Figure 3 shows results typical of a near-vertical electrode penetration remaining within a single macrocolumn (a type I penetration). Sequential RF centroids as the electrode descends are tightly clustered until a “jump” occurs in the sequence, as the electrode passes from one skein to the other, and a second cluster of RF centroids begins and persists until the cortex is completely penetrated. If the electrode track is slightly off vertical, the RF centroids may be less tightly clustered, and progress in one direction until the jump occurs, and in the opposite direction after the jump. If the electrode track passes through the less demarcated zone between skeins sequential centroids may jump back and forth between the clusters.

Figure 4 shows results typical of the passage of the recording electrode at an angle approaching the horizontal, remaining high enough in cortex to pass partly across the border of a pair of macrocolumns (a type II penetration), with only the upper skeins of both columns penetrated. In this case the sequential progression of RF centroids is in well-differentiated steps in one direction, then the reverse direction, as the junction between macrocolumns is crossed, encountering the mirror-image reversal of skeins in adjacent macrocolumns. Were the electrode to pass horizontally through deep cortex, a similar result (but with reversed positions of sequential RF centroids) would be obtained.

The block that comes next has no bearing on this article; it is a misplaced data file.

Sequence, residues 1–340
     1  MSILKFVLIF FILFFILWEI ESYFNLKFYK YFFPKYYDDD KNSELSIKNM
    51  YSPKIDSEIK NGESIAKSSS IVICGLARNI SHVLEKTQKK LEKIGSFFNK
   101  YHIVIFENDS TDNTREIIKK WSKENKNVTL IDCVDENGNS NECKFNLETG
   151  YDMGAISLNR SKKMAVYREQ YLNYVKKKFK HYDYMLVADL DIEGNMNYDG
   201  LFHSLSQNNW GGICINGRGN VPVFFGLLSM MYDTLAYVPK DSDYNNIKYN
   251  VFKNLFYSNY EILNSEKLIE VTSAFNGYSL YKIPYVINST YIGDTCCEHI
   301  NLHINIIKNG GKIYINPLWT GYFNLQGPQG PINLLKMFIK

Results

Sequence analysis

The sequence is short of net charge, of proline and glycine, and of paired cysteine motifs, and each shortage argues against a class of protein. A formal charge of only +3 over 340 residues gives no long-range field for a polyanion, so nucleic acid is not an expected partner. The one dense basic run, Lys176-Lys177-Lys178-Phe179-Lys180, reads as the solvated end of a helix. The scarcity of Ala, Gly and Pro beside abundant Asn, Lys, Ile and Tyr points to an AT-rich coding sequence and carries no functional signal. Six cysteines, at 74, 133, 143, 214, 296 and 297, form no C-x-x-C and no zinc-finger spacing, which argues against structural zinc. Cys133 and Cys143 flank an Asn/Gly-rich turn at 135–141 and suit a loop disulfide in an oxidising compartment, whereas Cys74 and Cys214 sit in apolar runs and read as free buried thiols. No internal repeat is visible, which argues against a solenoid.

Figure 4. High horizontal passage of a recording electrode, crossing the junction of two adjacent macrocolumns, from (x, y, z) = (3, 2, 2) to (−3, 1, 2). RF centroids form columns of progressing sequentially in one direction, until the junction of the two macrocolumns is crossed, after which point the direction of sequential progression is reversed.

Figure 5 shows an intermediate result, also a type II penetration, where the electrode has passed obliquely through the system, encountering a substantial fraction of neurons lying in the poorly demarcated zones between skeins. A mixture of effects arises, all producing “jumps” backwards and forwards.